Clinical Data Collection

Diarrheal symptoms were verified at the time of C difficile testing. Patients were considered to have diarrhea if they had at least 3 unformed bowel movements or at least 600 mL of rectal or colostomy output recorded in the electronic health record (EHR) within 24 hours on the day of or before sample collection. Patients not meeting the threshold for diarrhea in the EHR had their nurse called to verify diarrheal status. Other data were obtained from laboratory, EHR, and administrative databases. See the eMethods in the Supplement for additional details.

Outcomes and Clinical Case Attribution

The primary outcome was duration of diarrhea for the 15-day period encompassing the day of sample collection (day 1) and up to 14 days of treatment. Secondary outcomes included rate of CDI-related complications (ie, megacolon, colectomy for fulminant colitis, and intensive care unit [ICU] care related to CDI) and CDI-related deaths within 30 days. The CDI-related complications and deaths were analyzed separately to distinguish patients with complicated CDI disease of the colon from patients with CDI as a contributing cause of death but not necessarily complicated CDI of the colon. Repeat C difficile tests and treatment were analyzed within 14 days of day 1 as an indication of ongoing clinical suspicion or empirical treatment for CDI in Tox−/PCR+ patients and to determine how many became positive with repeat testing. Clostridium difficile tests and treatment 15 to 30 days after day 1 were analyzed as a proxy for recurrent or prolonged CDI occurring after the initial treatment period. Ten or more days of metronidazole or oral vancomycin therapy was considered full treatment. Duration of diarrhea was determined from nurse-recorded stool counts and rectal or colostomy outputs in the EHR, excluding formed stools. Each day was categorized as a diarrhea day if at least 3 unformed stools or at least 600 mL of fecal output was recorded. Days with less stool output were categorized as a no-diarrhea day. Duration of diarrhea was the sum of days from day 1 to the last day with diarrhea, followed by 2 or more days without diarrhea. Cases of CDI-related megacolon and colectomies were identified by searching for patients with a procedure or billing code for abdominal radiology, colonoscopy, colectomy, or diagnosis of megacolon or pseudomembranous colitis within 30 days (eTable 1 in the Supplement). Clinical and surgical notes and radiology, endoscopy, and pathology reports were reviewed to confirm or exclude CDI-related megacolon or colectomy. Partially treated complications diagnosed before day 1 were excluded. Intensive care unit care related to CDI was determined as follows. First, patients located in or transferred into the ICU on day 1 (±1 day) were identified. The ICU care was then determined to be CDI related (ie, attributable to or contributed to by CDI) or unrelated by blinded EHR review by 2 board-certified infectious diseases physicians (H.H.N., L.W.L., J.V.S., or S.H.C.). The physician adjudicators were blinded to PCR results but otherwise were provided with all relevant clinical, procedural, diagnostic, and outcome information available in the EHR. Disagreements were resolved by a third infectious diseases physician (H.H.N., L.W.L., J.V.S., or S.H.C.). Deaths were identified by discharge disposition codes and EHR review of PCR-positive patients with unknown mortality status at 30 days. Attribution of deaths as CDI related or unrelated was determined by blinded infectious diseases physician EHR review (L.W.L., J.V.S., or S.H.C.) in the same manner as for ICU care.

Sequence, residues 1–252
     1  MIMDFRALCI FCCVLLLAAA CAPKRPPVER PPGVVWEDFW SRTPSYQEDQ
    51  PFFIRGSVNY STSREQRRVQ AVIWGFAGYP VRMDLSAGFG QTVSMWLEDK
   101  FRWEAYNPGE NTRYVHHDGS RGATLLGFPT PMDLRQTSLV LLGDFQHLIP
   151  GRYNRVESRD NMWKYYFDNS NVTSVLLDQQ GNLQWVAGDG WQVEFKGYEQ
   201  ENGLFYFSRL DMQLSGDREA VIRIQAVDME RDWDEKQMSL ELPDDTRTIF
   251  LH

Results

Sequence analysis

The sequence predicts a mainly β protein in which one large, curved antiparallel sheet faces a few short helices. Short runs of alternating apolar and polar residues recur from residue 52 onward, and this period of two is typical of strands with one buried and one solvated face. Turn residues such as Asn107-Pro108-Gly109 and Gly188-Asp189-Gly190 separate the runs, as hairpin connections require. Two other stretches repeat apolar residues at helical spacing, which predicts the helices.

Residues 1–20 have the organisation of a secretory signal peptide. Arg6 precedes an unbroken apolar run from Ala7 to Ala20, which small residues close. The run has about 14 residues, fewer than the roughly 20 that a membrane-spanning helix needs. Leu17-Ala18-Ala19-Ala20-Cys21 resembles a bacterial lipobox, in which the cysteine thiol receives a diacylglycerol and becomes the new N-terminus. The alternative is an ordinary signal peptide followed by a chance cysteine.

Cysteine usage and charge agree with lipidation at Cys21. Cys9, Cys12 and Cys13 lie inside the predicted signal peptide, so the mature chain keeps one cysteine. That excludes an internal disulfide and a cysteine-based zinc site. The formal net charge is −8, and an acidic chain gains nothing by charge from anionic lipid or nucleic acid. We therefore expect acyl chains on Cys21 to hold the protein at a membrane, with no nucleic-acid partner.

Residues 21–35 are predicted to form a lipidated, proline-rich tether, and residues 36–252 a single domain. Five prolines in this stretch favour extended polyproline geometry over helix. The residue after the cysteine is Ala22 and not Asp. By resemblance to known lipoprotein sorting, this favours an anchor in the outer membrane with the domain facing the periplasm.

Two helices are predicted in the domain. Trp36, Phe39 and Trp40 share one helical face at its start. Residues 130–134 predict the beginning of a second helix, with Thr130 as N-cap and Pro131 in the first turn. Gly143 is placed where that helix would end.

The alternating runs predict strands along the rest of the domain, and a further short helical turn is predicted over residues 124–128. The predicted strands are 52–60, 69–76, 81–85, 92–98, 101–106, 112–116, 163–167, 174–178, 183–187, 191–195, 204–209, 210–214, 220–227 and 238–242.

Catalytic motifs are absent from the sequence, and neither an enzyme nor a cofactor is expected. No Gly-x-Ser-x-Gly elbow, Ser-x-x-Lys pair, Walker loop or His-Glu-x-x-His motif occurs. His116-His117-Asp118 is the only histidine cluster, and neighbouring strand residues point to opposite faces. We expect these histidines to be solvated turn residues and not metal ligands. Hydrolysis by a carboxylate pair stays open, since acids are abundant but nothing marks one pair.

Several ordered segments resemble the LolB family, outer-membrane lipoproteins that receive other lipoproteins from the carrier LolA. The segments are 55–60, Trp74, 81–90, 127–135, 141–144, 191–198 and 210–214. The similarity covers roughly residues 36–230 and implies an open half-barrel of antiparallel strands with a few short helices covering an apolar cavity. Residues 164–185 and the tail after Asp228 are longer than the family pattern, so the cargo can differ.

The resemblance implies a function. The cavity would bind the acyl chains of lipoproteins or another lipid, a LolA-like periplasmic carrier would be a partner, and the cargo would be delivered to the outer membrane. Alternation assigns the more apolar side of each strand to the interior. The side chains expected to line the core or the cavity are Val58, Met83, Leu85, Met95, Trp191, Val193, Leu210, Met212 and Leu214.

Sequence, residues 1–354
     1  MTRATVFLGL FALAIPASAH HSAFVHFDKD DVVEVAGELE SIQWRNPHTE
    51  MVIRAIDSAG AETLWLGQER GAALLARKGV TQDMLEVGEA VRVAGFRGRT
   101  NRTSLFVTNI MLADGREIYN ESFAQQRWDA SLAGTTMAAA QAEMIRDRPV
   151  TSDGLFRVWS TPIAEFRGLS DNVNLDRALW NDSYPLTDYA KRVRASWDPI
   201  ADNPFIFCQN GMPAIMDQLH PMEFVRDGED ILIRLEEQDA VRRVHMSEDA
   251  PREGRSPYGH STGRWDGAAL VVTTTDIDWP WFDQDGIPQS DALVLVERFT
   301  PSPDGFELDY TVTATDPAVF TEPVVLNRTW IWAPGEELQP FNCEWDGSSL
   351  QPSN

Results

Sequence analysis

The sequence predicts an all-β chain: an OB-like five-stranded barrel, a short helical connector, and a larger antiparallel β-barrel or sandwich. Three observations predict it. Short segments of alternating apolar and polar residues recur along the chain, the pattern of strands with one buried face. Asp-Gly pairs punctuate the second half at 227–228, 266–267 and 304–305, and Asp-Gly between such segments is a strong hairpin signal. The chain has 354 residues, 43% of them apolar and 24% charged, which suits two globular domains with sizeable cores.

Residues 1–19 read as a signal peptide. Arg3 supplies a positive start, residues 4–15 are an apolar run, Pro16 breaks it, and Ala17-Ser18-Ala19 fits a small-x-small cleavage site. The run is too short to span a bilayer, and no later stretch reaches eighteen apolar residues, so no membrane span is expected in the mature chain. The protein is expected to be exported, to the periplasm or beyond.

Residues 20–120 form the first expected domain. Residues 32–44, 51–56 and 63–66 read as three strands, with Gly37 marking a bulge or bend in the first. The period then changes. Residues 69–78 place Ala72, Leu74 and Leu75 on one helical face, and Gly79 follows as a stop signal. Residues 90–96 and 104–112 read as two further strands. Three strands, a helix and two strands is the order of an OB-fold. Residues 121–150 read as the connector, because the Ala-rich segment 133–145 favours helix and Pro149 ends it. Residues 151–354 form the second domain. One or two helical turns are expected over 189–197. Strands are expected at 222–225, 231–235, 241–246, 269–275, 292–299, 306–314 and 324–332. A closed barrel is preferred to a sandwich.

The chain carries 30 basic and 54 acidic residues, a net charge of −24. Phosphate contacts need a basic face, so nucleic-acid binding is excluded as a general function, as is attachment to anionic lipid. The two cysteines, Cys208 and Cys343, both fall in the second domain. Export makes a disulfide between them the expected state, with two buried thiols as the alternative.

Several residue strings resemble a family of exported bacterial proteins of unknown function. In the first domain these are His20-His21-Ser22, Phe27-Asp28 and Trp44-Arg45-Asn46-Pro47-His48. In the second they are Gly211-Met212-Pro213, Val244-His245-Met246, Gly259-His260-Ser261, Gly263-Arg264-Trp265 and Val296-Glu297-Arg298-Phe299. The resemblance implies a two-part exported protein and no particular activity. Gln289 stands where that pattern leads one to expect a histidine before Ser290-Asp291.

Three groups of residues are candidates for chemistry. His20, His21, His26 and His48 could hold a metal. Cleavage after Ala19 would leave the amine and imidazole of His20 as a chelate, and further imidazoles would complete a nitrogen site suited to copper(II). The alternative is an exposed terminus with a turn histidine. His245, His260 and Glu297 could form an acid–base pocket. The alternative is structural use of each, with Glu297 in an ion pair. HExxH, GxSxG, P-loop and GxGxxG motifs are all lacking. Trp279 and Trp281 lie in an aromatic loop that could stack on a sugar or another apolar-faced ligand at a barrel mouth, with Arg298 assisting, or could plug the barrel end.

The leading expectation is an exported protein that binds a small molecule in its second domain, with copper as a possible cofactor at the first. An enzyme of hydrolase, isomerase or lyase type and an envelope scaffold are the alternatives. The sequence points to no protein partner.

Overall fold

Statistical Analysis

Baseline data were summarized and tested for differences. The Kruskal-Wallis test was used for continuous variables except for age, which was compared with an analysis of variance. For categorical variables, including outcomes, a χ2 test or Fisher exact test was used. Kaplan-Meier estimates were used to show time to resolution of diarrhea for each group, with censoring of patients who were discharged or died during the follow-up, and compared with the log-rank test. A Cox proportional hazards model was used to estimate the effect of Tox+/PCR+ or Tox−/PCR+ status compared with Tox−/PCR− status on the duration of diarrhea, adjusting for age, comorbidities, ICU status on day 1 (±1 day), prior antibiotic days, prior metronidazole or oral vancomycin exposure, maximum white blood cell count on day 1 (±1 day), C difficile ribotype, and fecal lactoferrin level. See the eMethods in the Supplement for additional details.

Results
Patient Cohort and Baseline Characteristics

An overview of the study design, patient cohort, and follow-up is shown in Figure 1. In total, 1416 hospitalized adults were analyzed, including 131 Tox+/PCR+ patients (9.3%), 162 Tox−/PCR+ patients (11.4%), and 1123 Tox−/PCR− patients (79.3%).

The groups were similar in age, sex, number of comorbidities, nonantibiotic medication exposures, and proportions with leukopenia, renal insufficiency, and hypoalbuminemia except for fewer comorbidities in Tox−/PCR− patients (Table 1 and eTable 2 in the Supplement). However, the Tox+/PCR+ group had more prior antibiotic exposure, more patients with leukocytosis, and more diarrhea on day 1. In feces, Tox+/PCR+ patients had an increased C difficile bacterial load, higher toxin concentration, and greater frequency of hypervirulent C difficile strain than Tox−/PCR+ patients. Correspondingly, Tox+/PCR+ patients had significantly more fecal lactoferrin than Tox−/PCR+ patients, and 36.8% (43 of 117) had a lactoferrin level greater than the 95th percentile of Tox−/PCR− patients. In contrast, few Tox−/PCR+ patients (13.4% [19 of 142]) had a lactoferrin level above the 95th percentile of Tox−/PCR− patients, and 79.0% (15 of 19) of these patients had an alternative explanation for fecal inflammation, a previous diagnosis of CDI, or anti–C difficile treatment before testing (eTable 3 in the Supplement).